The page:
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May 29, 2009


Springfield — Attorney General Lisa Madigan today heralded the passage of transparency reform legislation, calling the Illinois General Assembly's vote a great victory for advocates of open and accountable government at all levels. The bill, Senate Bill 189, which now awaits the governor's signature, will strengthen the state's sunshine laws to make it significantly easier for the public to gain access to the workings of their government. Senator Kwame Raoul (D-Chicago) and Speaker Michael J. Madigan (D-Chicago) sponsored the bill.

Since January, Attorney General Madigan has worked with a coalition of open-government advocates and organizations to draft this legislation, including the Better Government Association, the Citizen Advocacy Center, Illinois Press Association, and Illinois Campaign for Political Reform. The Attorney General's office also worked closely with the Illinois Reform Commission to strengthen and negotiate the bill.

"This bill will drag Illinois out of the Stone Age and into the modern era on transparency and openness," Madigan said. "By creating a Public Access Counselor with binding opinion authority to fight for an open and accountable government, this bill will put Illinois at the forefront nationally and give our taxpayers a greater ability to know what their government is doing."

Making the Sunshine Laws Work for the People of Illinois

Under the current law, when members of the public or the media are shut out of government meetings or denied access to public records, their only recourse to obtain a binding decision granting them access to their government is to file a lawsuit. As a result, governments at all levels often ignore complaints that they have violated the state's sunshine laws - the Open Meetings Act and the Freedom of Information Act (FOIA).

In December 2004, Attorney General Madigan created the position of Public Access Counselor (PAC) with the Attorney General's Office. Since then, the Public Access Counselor has worked with members of the public, the media and government bodies to resolve disputes under the sunshine laws and ensure access to government information. The Public Access Counselor's decisions, however, have not been binding on government bodies, resulting in many instances in which governments continue to deny people access to public records or government meetings.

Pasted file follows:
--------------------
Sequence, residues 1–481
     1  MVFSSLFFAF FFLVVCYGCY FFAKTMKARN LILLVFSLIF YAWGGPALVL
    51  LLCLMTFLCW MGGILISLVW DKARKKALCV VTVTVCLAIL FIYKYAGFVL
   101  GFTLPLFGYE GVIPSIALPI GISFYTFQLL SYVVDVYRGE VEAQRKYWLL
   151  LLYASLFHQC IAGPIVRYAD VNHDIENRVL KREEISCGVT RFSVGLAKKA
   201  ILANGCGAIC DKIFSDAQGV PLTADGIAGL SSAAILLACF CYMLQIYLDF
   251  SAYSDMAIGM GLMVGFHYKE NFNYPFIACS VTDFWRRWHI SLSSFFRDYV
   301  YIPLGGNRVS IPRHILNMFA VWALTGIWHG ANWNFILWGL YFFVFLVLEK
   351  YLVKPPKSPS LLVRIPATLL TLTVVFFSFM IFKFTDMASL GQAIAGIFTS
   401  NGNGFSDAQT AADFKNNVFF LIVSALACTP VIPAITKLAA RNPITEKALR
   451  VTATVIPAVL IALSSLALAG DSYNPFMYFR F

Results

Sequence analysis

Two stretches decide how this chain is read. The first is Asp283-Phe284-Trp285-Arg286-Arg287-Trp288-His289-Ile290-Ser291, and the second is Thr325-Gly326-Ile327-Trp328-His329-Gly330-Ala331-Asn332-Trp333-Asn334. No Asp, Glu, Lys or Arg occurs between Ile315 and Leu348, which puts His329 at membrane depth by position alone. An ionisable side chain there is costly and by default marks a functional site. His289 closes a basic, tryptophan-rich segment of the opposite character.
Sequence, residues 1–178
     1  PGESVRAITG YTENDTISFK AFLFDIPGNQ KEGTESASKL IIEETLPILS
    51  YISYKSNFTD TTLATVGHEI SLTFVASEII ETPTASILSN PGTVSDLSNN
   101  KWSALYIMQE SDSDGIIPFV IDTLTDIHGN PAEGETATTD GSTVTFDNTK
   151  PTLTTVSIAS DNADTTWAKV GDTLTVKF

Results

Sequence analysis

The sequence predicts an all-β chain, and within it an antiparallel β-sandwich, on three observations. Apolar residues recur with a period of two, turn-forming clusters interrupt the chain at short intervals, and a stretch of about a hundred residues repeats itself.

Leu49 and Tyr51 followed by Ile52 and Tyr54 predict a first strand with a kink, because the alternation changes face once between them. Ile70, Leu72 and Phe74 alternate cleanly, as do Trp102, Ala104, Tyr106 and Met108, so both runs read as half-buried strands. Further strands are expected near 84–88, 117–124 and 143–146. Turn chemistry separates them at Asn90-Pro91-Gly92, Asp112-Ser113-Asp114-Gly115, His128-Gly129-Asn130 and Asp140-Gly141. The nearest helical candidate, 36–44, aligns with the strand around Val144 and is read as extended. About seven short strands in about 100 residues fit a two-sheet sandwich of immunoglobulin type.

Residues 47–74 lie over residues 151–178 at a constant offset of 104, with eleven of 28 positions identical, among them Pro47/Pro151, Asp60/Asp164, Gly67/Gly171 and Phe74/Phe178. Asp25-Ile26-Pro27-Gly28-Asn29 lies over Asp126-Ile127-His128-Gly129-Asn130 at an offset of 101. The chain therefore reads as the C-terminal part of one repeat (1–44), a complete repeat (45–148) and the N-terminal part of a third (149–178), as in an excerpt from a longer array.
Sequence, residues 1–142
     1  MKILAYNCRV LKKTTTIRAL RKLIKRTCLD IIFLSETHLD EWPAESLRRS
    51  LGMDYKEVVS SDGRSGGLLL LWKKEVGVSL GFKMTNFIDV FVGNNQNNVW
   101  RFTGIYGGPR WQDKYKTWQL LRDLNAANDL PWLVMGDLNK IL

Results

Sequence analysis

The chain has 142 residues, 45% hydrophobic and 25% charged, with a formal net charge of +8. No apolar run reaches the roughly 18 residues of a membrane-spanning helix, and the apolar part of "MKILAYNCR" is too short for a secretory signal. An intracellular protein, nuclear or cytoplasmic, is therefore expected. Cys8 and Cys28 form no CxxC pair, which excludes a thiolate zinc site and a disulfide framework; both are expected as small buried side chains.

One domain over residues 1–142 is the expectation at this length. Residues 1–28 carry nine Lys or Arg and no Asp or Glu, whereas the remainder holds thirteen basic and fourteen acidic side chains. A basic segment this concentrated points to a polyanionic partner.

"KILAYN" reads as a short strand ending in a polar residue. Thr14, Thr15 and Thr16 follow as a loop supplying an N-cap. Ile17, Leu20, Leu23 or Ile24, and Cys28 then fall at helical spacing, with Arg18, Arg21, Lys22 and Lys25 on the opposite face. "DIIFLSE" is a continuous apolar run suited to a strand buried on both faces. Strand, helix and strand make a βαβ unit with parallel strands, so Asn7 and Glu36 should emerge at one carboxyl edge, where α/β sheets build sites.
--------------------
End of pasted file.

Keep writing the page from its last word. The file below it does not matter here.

Senate Bill 189's groundbreaking provisions codify the Public Access Counselor position within the Attorney General's Office and explicitly authorize the PAC to review and determine whether documents must be disclosed under FOIA or whether a government body has violated the Open Meetings Act. The bill gives the PAC authority to subpoena needed information, issue advisory opinions to guide government bodies, issue binding opinions to resolve disputes, and sue to enforce the binding opinions. If SB 189 is signed into law, Illinois will become the fifth state to give the Attorney General's office binding authority to help the public obtain access to government meetings and public records.

When the courts must get involved in a FOIA dispute, the bill puts teeth into this important open government law. Under the current law, courts cannot impose a penalty when a government body willfully fails to comply with FOIA or otherwise acts in bad faith in refusing to disclose a public record. Senate Bill 189 would allow courts to impose civil penalties of $2,500 to $5,000 against public bodies that willfully violate the law. Additionally, where the current law permits courts to award attorneys' fees and costs to a plaintiff who successfully sues to obtain a public record, the bill requires that courts award attorneys fees - making it much less burdensome for members of the public to sue to enforce their right to government information.